The federal investigation involved one school district, one private special education subcontractor and one student. But advocates say they are hoping that the probe of the Oakland Unified School District, the Anova Center for Education Contra Costa and the education of 9-year-old Stuart Candell – which included a finding that Oakland Unified violated federal education law – will prompt districts everywhere to think twice before outsourcing the education of students with disabilities to private schools that routinely use harsh behavior control techniques.
“We know many of the abuses take place in the private schools,” Arlene Mayerson, directing attorney at the Disability Rights Education and Defense Fund, said, referring to the repeated, non-emergency use of physical restraints by some schools to control students with special needs, as well as the practice of secluding students in rooms they cannot leave. “We will be paying close attention to this case to see how to pursue the issue in other districts.”
In California, private special education schools publicly state one of two things: that they don’t physically restrain students at all or that they comply with the state Education Code and restrain students only in emergencies when students are at risk of harming themselves or others. Yet the schools, which operate under publicly funded contracts to serve students that districts say they can’t, are not required under federal or state law to report publicly on their use of physical restraint or seclusion, Mayerson said.
In findings released this month, investigators with the U.S. Department of Education’s Office for Civil Rights determined that Stuart’s home district, Oakland Unified, denied him an education by allowing the Anova Center for Education Contra Costa to routinely pin him to the floor in a face-down “prone” restraint that caused him to “scream and cry with physical pain” and miss hours of instruction and speech, language and occupational services.
In a violation of federal civil rights protections for students with disabilities, investigators found that Oakland Unified failed to intervene even as its staff members sat through meetings where serious concerns about Stuart’s progress were raised. On more than one occasion, Stuart’s mother said that her son was so distraught about being repeatedly restrained that merely driving up to Anova would trigger his disruptive behaviors; he also had expressed thoughts of suicide, she said. At another meeting, instructors in speech and language reported that they couldn’t provide services to Stuart because he spent so much time being restrained or recovering. Nearly a year passed before Oakland Unified took action to schedule an evaluation of Stuart’s behavior, investigators said.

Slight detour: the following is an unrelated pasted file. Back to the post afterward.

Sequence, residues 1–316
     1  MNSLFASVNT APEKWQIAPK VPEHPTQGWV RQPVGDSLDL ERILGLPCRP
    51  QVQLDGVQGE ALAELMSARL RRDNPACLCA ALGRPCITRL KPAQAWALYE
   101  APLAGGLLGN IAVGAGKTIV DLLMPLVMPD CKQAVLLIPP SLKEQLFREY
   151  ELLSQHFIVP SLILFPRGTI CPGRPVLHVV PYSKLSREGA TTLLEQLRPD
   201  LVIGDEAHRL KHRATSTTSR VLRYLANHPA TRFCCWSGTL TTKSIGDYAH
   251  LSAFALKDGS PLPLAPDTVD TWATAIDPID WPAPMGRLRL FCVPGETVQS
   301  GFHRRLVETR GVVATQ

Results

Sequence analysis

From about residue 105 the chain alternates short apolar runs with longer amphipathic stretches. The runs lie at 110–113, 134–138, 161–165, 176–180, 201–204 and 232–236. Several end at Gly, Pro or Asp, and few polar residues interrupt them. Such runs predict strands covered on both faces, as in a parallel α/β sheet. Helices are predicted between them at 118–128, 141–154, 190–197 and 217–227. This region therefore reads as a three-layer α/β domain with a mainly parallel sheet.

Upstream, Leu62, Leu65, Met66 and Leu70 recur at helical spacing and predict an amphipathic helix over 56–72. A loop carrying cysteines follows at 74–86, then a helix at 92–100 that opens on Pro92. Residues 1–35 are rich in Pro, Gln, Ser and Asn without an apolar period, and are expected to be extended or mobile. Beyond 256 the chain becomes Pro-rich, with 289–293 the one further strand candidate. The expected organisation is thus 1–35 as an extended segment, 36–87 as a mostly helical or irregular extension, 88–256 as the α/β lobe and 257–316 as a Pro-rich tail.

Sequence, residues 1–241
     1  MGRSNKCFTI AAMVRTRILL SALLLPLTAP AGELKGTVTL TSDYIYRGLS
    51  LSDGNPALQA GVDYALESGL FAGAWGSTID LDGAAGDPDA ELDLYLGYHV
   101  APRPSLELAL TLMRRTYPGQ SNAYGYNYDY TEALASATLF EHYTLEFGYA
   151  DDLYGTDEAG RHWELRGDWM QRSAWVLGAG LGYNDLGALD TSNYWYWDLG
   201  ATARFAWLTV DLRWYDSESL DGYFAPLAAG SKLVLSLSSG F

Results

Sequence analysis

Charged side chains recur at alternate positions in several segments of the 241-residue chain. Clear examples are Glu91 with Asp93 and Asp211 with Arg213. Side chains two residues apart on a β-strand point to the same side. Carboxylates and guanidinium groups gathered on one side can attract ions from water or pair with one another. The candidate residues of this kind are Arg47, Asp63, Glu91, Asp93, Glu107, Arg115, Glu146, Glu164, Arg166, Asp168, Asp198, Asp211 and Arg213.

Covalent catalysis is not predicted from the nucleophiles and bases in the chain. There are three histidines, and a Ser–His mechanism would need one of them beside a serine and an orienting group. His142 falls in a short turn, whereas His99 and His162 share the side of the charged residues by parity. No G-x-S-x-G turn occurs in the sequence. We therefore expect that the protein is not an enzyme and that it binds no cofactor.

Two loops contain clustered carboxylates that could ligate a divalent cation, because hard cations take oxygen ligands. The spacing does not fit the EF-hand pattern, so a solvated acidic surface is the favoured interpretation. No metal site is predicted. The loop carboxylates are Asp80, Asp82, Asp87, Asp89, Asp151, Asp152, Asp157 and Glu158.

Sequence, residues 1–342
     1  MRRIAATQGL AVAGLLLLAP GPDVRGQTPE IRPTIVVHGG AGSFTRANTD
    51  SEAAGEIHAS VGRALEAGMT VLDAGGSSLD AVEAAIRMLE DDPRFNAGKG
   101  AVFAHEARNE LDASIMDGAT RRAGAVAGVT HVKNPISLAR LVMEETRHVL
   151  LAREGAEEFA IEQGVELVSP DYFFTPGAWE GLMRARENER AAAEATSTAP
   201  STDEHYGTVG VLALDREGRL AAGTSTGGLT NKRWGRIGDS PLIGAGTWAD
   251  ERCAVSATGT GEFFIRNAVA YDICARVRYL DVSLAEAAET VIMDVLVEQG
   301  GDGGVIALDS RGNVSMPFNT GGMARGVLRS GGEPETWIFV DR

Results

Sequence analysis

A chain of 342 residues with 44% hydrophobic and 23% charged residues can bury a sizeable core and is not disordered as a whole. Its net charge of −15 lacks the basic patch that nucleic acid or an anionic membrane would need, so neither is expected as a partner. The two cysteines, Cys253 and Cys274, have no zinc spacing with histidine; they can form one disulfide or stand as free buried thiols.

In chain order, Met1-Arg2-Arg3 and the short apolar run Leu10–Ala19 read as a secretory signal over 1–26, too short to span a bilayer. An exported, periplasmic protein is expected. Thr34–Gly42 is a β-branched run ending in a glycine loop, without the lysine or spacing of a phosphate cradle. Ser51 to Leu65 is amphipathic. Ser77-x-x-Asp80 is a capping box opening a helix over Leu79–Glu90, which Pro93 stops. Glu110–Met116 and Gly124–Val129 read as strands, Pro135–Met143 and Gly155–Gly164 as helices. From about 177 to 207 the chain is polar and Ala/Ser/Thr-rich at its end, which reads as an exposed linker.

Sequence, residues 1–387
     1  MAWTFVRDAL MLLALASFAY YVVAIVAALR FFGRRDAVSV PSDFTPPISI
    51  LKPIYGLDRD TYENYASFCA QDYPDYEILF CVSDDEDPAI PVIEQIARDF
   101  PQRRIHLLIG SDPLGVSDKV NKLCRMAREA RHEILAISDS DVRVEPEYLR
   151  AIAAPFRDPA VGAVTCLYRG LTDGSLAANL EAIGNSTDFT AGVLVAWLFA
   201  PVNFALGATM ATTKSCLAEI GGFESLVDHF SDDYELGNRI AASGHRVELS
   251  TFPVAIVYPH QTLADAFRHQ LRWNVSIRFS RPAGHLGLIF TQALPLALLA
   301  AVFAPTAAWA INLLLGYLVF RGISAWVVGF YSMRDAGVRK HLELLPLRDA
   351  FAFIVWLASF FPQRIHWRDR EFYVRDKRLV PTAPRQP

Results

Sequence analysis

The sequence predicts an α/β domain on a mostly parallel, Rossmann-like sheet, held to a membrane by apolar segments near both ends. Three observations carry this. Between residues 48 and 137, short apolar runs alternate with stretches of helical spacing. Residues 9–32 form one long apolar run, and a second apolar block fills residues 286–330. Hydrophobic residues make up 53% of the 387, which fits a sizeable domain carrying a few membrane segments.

Now the compliance clock is ticking. Although the resolution agreement with the Office for Civil Rights was announced just this month, Oakland Superintendent of Schools Antwan Wilson signed the agreement June 20 – which means the district is due to submit its first compliance report next week, according to John Sasaki, a spokesman for Oakland Unified.
The agreement calls for Oakland Unified to document that it is creating a monitoring system to effectively ensure that what happened to Stuart will not happen to any Oakland Unified student at any of the more than 30 private special education schools that the district says it has on a referral list. In 2015-16, Oakland Unified spent about $7 million to place 203 students in private special education schools in California, Utah and Colorado, Sasaki said.
On Aug. 18, ahead of a Nov. 1 deadline set by the Office for Civil Rights, Oakland Unified held an all-day training for special education administrators and staff who oversee the placement of students in private special education schools. Staff from private special education schools also attended. Led by Diana Browning Wright, co-founder of the training center known as PENT, the training included information about the trauma caused by the use of restraints on students and successful non-restraint strategies for addressing serious problem behavior, the district said.